We are developing the social individualist meta-context for the future. From the very serious to the extremely frivolous... lets see what is on the mind of the Samizdata people.

Samizdata, derived from Samizdat /n. - a system of clandestine publication of banned literature in the USSR [Russ.,= self-publishing house]


Until a day or two ago, I tended to regard the word “nanotechnology” as nerd-speak for it will never happen. But there really does seem to be a buzz surrounding this latest nanotchnological announcement:

A joint effort between the University of Texas and Australia’s Commonwealth Scientific and Industrial Research Organization has created industrial-ready material made of nanotubes. The scientists reported this in the Friday edition of the journal Science.

The nanotubes are made of carbon and possess incredible strength. The sheets of nanotubes measure just a few times wider than the actual carbon atom, or 2 millionths-of-an-inch (2000 times thinner than paper). A square mile of this will could weigh as little as 170 pounds. The sheets are transparent, flexible and stronger than steel or high strength plastics.

Apparently that has applications to batteries, fast cars, flat screen TVs, and at least half a dozen other things I forget. Oh yes, it will make it easier to build those giant lifts that will take stuff into space for thirty pence per item, instead of for twenty zillion dollars per item which is what the Space Shuttle now costs.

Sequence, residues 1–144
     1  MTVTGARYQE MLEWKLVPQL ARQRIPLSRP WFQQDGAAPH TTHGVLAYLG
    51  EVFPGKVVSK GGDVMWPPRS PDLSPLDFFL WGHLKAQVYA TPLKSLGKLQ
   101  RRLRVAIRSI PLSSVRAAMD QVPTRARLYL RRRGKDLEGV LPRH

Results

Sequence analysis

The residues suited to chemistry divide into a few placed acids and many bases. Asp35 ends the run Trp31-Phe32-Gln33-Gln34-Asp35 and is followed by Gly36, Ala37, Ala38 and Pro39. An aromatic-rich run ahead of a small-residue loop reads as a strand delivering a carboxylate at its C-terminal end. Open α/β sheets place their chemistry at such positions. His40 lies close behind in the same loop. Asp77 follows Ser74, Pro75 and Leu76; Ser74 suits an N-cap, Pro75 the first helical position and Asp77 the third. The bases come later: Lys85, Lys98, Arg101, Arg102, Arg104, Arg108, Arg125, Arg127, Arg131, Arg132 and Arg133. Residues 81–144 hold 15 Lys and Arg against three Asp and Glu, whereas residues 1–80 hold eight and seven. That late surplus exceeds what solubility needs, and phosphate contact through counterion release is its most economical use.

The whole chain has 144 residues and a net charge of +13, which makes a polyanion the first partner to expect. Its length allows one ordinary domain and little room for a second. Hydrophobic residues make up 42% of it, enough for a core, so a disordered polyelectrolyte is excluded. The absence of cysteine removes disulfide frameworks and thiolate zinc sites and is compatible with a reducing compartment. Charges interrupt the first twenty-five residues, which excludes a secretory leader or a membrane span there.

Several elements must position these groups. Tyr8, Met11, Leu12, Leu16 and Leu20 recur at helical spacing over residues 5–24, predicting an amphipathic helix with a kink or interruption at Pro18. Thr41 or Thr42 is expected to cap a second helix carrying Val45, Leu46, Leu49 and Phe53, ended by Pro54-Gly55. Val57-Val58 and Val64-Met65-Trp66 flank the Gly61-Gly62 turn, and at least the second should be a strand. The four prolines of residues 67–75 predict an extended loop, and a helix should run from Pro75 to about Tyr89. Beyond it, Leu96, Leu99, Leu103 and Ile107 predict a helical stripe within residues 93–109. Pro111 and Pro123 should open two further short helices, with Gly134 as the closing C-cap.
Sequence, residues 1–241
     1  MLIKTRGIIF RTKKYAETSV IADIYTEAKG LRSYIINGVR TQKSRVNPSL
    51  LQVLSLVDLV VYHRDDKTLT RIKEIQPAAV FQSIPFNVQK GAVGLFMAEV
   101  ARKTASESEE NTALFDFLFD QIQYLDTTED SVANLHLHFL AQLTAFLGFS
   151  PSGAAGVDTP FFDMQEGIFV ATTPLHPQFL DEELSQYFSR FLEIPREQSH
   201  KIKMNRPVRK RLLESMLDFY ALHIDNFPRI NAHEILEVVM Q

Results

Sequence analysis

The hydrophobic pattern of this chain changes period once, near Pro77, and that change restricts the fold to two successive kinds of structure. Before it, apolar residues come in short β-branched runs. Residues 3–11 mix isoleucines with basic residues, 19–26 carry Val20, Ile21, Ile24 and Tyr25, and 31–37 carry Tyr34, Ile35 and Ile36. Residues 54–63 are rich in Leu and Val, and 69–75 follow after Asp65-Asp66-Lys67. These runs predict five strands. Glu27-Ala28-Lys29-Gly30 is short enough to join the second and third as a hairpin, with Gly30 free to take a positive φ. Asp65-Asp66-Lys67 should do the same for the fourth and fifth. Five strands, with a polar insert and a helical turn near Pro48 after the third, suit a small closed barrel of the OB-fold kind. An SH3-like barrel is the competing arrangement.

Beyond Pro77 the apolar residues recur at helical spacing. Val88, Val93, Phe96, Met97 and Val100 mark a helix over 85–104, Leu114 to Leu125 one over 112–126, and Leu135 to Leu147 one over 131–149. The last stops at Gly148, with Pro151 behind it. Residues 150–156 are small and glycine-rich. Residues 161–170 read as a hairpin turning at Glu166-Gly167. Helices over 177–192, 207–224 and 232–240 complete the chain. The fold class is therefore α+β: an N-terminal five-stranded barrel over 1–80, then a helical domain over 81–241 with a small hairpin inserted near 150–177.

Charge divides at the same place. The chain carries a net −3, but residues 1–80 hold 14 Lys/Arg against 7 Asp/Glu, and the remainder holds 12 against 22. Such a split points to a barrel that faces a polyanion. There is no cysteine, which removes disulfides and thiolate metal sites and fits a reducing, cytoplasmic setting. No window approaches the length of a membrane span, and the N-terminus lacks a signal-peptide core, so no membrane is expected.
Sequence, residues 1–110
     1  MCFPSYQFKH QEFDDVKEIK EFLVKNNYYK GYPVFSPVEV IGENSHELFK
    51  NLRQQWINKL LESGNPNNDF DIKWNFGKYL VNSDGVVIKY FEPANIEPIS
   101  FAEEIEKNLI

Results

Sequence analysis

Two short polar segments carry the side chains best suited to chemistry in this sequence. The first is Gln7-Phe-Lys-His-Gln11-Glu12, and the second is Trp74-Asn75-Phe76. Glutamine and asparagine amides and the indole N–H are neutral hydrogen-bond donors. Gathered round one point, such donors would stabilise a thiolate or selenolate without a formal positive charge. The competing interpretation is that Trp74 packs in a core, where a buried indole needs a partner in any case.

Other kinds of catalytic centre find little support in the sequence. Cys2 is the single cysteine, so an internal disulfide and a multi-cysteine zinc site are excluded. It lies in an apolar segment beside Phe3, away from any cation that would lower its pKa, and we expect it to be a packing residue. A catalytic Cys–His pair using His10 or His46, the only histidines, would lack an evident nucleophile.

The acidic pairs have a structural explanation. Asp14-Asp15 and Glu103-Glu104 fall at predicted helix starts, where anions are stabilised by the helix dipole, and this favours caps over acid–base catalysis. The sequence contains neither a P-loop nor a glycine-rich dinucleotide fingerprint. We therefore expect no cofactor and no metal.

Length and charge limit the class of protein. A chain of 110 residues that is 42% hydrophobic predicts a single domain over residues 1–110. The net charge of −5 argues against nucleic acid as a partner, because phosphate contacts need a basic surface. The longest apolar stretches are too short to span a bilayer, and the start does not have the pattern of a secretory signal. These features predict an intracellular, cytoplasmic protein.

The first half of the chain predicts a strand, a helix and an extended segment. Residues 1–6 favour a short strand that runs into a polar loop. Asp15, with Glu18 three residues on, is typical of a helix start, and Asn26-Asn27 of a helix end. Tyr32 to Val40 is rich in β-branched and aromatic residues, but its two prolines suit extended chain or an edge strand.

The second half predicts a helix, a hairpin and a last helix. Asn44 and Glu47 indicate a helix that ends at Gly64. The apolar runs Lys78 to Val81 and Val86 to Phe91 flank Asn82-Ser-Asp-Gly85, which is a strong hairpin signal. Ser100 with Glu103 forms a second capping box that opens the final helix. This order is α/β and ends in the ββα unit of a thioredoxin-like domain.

This is the stuff that I find most impressive:

“Rarely is a processing advance so elegantly simple that rapid commercialization seems possible,” says Ray Baughman, a chemist from the University of Texas at Dallas. The process starts “with a ‘forest’ of half-millimeter-long nanotubes sticking upright on an iron-based platform. Pulling gently from the edge of the forest with an adhesive strip, such as a Post-It note, uproots a row containing millions of nanotubes. As these nanotubes pull out, they tangle with the next row, and so on.”

It sounds almost like something you could do at home, like spinning.

The point is: (a) this guy presumably knows what he is talking about, and (b) if he is wrong, he is going to be proved extremely wrong, extremely soon. He will not want that, so presumably he is on the level.

Most of the readers of this blog who care about this kind of stuff will already know all about this particular excitement. After all, Instapundit has already linked to it, and generally been all over the story. So has Tim Worstall. My point is not so much that hey, here is this techo-announcement. My point is that this particular techno-announcement does actually have a seriously historic feel to it. This sounds so very easy to do, and so very useful, for so many different kinds of stuff. This, in short, feels big.

Am I right?

28 comments to Nanotubes!

  • cirby

    They neglect to mention some of the “nightmare” uses of this stuff.

    Consumer packaging, for instance.

  • It sure looks exciting. Imagine the possible applications for perhaps laptop/notebook computers…. or even building materials. Anyone who appreciates the current (and potential future) sophistication of human civilisation should be interested.

  • Greg Schade

    Their already being used in bicycles:

  • Julian Morrison